In the US you can get the CarFax with all the details abt the car. the record looks in order. the previous owner (only 1) had an average of 22MPG. I dont know if he/she used to drive in the city or in the highway.
 

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I also drive in NYC. Most of the time in Brooklyn and Manhattan. Yesterday, I went out of the state and I only got 20 MPG driving in the highway btw 45-60 mph. This a pre-owned certificated. When I saw the car I was happy to find a car only with 4000 miles and I said to myself this is my car, almost new.
that 20 MPG was for that trip etc- it is hard to go by that for such short trips. I can start my car and drive 10 blocks and stop at the ATM on my way to work and then get abck in the car and the MPG will show 11 MPG for " previous trip" - so a short trip without a fully warmed up engine will kill all mileage.

The basic stuff to check- air filter and spark plugs should be clean and new- if you had the oil change it should be the proper weight.
Are the tires OEM sizes etc- changes in tires will change the spedo and give false MPG readings too.

Is it possible the cat conv is clogged ? maybe the AWD is locked ( relay was jumped out ) and its running AWD 24/7 ?
What about the CVT fluids ? hopefully its it not overfilled or under filled.
Its also possible one of the brake pads could be dragging - but that would be noticed, i assume already .
My gut says you should go to another Honda dealer to check it out ( or independent mech if you can) - not the one that sold you the pre-owned car. ( if you are in NYC there are a few Honda dealers in the area)
 

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You could always run a bottle of fuel cleaner through the system to clean the pipes out and see if that makes any difference. I have always used regular fuel, but am aware of some people who swear by filling ever 2/3/4..... fill up with premium.
 

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My HRV never was great but it was also never under 20. For the most part, it was low 20s and if highway miles, mid to high 20s. That isn’t normal.

But the question is how much have you really driven it, a couple of tanks or just a couple hundred of miles since not much driving going on with the pandemic.

you can do all the normal maintenance things. Change oil, change the filter, rotate tires and inflate them all to 34psi. And then give it a couple of tanks.

also, winter gas is bad for mpg and we probably only started getting regular gas in march.

If you are driving in NYC, probably a high traffic and a lot of stop and go. Which I am well aware of and suffer from also. I don’t see a problem with low 20s. My civics don’t get low 30s. If I am traveling to and from NY and I get it bad with traffic. I have definitely gotten low20s before. But if I am doing highway miles, my civics have gone as high as 36/37mpg.
 

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If your going by the Dash MPG display, it does an average of all milage as we all know, but since you do a lot of city driving, the low mpg from that will not be affected by the freeway drive much.

I suggest switching to Trip A, or Trip B and clearing it to Zero miles just before hitting the freeway. This will reset the MPG meter for that selected Trip Meter. If your car really is "normal" as the dealer says, you should see the display show very good MPG within a few miles.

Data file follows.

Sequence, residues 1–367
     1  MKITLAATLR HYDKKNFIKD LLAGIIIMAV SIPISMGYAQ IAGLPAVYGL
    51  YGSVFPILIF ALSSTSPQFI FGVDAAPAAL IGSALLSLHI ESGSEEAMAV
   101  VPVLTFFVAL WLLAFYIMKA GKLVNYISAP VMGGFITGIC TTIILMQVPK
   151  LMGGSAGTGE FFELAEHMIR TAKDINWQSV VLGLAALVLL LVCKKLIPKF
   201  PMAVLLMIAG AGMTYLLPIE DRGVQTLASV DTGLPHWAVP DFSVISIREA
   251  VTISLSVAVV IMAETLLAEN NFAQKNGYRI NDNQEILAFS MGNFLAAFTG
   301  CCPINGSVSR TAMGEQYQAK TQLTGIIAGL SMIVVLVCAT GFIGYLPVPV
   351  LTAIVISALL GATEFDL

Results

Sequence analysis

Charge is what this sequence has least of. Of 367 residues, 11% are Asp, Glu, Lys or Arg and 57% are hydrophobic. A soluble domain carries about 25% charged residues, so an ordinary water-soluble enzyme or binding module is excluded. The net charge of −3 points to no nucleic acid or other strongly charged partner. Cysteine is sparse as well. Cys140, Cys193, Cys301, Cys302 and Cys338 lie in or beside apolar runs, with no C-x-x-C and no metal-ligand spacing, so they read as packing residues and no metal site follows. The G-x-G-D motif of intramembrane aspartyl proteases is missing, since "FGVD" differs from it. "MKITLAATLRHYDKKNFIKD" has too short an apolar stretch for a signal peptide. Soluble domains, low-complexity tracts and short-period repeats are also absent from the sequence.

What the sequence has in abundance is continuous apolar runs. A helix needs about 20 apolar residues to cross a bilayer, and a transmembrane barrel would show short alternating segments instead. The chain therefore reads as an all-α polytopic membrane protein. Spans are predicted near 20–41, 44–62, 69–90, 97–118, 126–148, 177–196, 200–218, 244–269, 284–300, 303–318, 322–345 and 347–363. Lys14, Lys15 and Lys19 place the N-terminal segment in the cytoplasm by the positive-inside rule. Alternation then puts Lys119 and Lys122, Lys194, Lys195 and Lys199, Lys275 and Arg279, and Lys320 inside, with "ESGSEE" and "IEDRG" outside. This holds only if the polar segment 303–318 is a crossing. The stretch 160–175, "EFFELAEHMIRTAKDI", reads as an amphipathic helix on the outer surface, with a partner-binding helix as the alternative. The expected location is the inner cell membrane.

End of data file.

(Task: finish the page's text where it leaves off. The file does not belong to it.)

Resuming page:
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Discussion Starter · #12 ·
If your going by the Dash MPG display, it does an average of all milage as we all know, but since you do a lot of city driving, the low mpg from that will not be affected by the freeway drive much.

I suggest switching to Trip A, or Trip B and clearing it to Zero miles just before hitting the freeway. This will reset the MPG meter for that selected Trip Meter. If your car really is "normal" as the dealer says, you should see the display show very good MPG within a few miles.
This is exactly what I do. I reset the TRIP A every time I fill up the tank. I also do the calculation manually (miles/gallons) and the result is the same. I fill up the tank when I have a quarter of the tank left.
 

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Discussion Starter · #13 ·
My HRV never was great but it was also never under 20. For the most part, it was low 20s and if highway miles, mid to high 20s. That isn’t normal.

But the question is how much have you really driven it, a couple of tanks or just a couple hundred of miles since not much driving going on with the pandemic.

you can do all the normal maintenance things. Change oil, change the filter, rotate tires and inflate them all to 34psi. And then give it a couple of tanks.

also, winter gas is bad for mpg and we probably only started getting regular gas in march.

If you are driving in NYC, probably a high traffic and a lot of stop and go. Which I am well aware of and suffer from also. I don’t see a problem with low 20s. My civics don’t get low 30s. If I am traveling to and from NY and I get it bad with traffic. I have definitely gotten low20s before. But if I am doing highway miles, my civics have gone as high as 36/37mpg.
I have driven about 800 miles in the last 2 months and that is why I see the problem now. I've scheduled a full maintenance and a full check up to see what's going on with the car. I also noticed that when driving on the highway, the acceleration is not good. I try to accelerate and the car takes 3-5 seconds to respond. I think the gas filter is dirty or maybe the injector system. I'll see what happens next week after maintenance.
 

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The delay in acceleration may not be down to a faulty or clogged fuel filter. Depending on your previous vehicle you may have to adjust your driving style to accommodate the HR-V's drivetrain.